The Mill and Lathe will be used to make odd parts and making parts fit, so would tool room quality be more for what I'd need ?

02-06-2008, 09:44 AM
I wasn't so concerned about the quality of the Grizzly machines, as Chinese stuff goes theirs is pretty good. I was just thinking of their size, I'm afraid you'll have to turn away too much work because your machines aren't big enough to do it, or to do it at a profitable rate.

I would also echo the folks that suggest a dovetail column mill, or a knee mill. While it's entirely possible to do exquisite work with a round column mill, it's likely to take a lot longer due to the need to either plan the job so you don't have to move the head, or re-align it when you do. For a hobby that's fine but for a commercial shop it seems like that time would kill your profit.


02-06-2008, 05:46 PM
Thank you for the help. Words of wisdom ! The best way to learn is to listen to those who know !

tony ennis
02-06-2008, 08:28 PM
If you're having a shop built, that will run 20 thousand dollars (guesstimate.) With regards to building a business case, it doesn't make sense to populate that building with 2 or 3 one-thousand dollar machines. If you can get the loan for the building, you can likely get a similar amount for tools, tooling, supplies, business machinery, and accounting services.

02-06-2008, 09:34 PM
Definitely go for the square column on the mill. Siegs are nice in the smaller sizes. There are bigger ones to, the Rong Fu 45 and clones. I have an Industrial Hobbies mill that has a lot of capacity and is great.

On the lathe front, I would seriously consider the 10x22" suggestion as well as a Lathemaster 9x30 for smaller lathes. The 10x22" looks similar to the Lathemaster. Check the weight of these lathes, it gives a clue to their rigidity. The Lathemaster is very similar to a small SouthBend and a lot heavier than a 9x20. Even a lower end 12x36 lathe is likely much more accurate than the little lathes.

If you really want a "pro" shop, you should be targeting a 12x36 or maybe a 14 or 16" lathe and a Bridgeport clone.

Lastly, with machinery, you have to factor shipping into the overall cost. It can be significant! Be on the lookout for deals. Enco often has free shipping on some of their machines, but never on all. That can be a big savings.

Also be sure to budget for tooling. The rule of thumb is you'll want as much money for tooling as you spend on the machines. I started out thinking that was BS, but it can even turn out to be light if you're gearing everything up from scratch because you've got to pay for all your measuring and other incidental tools. Machine specific tooling will involve cutters and workholding among other things.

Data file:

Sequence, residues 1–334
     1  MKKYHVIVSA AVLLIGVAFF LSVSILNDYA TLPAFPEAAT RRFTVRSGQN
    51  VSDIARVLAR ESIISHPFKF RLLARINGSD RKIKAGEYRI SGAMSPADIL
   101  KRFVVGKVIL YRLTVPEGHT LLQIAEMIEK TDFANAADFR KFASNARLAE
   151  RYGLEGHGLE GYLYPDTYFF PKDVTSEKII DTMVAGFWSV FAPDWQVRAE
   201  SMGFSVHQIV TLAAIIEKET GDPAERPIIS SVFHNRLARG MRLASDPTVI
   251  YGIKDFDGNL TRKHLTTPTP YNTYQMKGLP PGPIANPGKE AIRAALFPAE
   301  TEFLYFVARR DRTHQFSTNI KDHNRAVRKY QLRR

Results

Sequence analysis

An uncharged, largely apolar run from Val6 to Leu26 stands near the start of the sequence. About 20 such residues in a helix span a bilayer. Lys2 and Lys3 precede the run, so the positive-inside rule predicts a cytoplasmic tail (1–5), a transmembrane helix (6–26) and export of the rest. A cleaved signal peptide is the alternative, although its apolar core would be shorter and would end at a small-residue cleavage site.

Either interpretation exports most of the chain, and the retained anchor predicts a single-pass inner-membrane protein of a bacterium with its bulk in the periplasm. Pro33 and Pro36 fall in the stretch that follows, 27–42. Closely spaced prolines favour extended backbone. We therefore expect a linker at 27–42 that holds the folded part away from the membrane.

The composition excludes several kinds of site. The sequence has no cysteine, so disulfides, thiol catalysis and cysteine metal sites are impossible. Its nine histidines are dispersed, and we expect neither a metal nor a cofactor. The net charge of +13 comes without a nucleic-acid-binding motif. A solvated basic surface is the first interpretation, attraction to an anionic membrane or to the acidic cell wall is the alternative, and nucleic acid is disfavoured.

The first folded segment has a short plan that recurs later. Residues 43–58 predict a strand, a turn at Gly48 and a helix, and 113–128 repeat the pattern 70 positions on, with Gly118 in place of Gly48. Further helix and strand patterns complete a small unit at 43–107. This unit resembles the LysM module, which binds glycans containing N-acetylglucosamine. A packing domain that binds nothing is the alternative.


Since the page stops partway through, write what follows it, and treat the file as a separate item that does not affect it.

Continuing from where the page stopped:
Given your handicap, you may want budget for power feeds if you're buying a mill of any size. The mill and lathe you mention are no problem, but cranking the table or a heavy head up and down on a bigger mill is a lot of work. Besides which your finish will be nicer and you'll be more productive.

BTW, lots of ways to make money. You're a welder. It looks to me like a CNC plasma table could be a money maker depending on what's available in your area. You can build one of those beasts pretty easily--lots of folks over on CNCZone are doing it. I've talked to people who claim they paid for themselves pretty fast.

Best of luck and welcome to the board!


02-07-2008, 12:39 AM
Mike, I bought a new Jet heavy 13x40 lathe three years ago, and followed that with a Jet JTM-2 vertical mill a year later. The lathe is a chicom, while the mill was made in Taiwan. They both work well for me, but the lathe had some problems - it was the single phase model, and the motor crapped out within the two yr. warranty period. Since they didn't have a spare motor in country, Jet gave me $300 credit towards a replacement motor of my choice. I went with a 3hp 3-phase, bought a VFD to run it, hired an electrician to rewire it, and have been well-pleased with the way that worked out. The OEM 3 & 4-jaw chucks were crap - they needed balanced, and the 3-jaw didn't sit on the D1-4 spindle squarely. Jet replaced them both with better quality chucks.

No real problems with the mill, though the goofball who prepped it for shipping from Taiwan secured the plastic toolbox on the table with plastic wrap. It wound up rubbing through the wrap around the table, causing some rub marks into the table surface, along with some light pitting in those marks. They haven't caused me any problems yet, nor do I expect them to - it's just kind of a bummer to spend the money on a new machine and wind up with a blemished table as part of the deal.

I drove out to Vegas to the SHOT Show last weekend and had the opportunity to meet the owner of Grizzly Tools, as well as to get a good look at the two gunsmithing lathes he sells. They were both very good looking machines, and I'm lusting for one of the 16x40s. He also had a new Taiwanese variable speed 16x40 lathe and VS 9x49 vertical mill on display. If these machines had been available three years ago when I was shopping, I'd have made my purchases from Grizzly, even if it meant having to save up until I could swing the deal. Jet treated me fairly on the problems my machines had, but Grizzly has also got a great reputation for customer service.

02-07-2008, 03:58 PM
The house we are getting in a month has a shop out back, has all the power but needs water and phone line, I dont want to build a Pro Shop and wont have room for large tools, a lathe around the size of 8-9" X 20" will be just fine.
I'll looking at CNC for a mill so I can carve out shapes and names, but I dont see a need for it to power the mill head up or down. My wife wants a new'r PC so I can use this one in the shop.

02-07-2008, 04:33 PM
not sure cnc would work if you do not power the z axis otherwise you will be limited to outline shapes only.

02-07-2008, 07:42 PM
:o oops........... yep, got to have the head move up. Cant you tell I'm a newbie.
Anyway to do this with out a $40,000 cnc mill ?

02-07-2008, 08:09 PM
Just make your own CNC mill like Evan ;)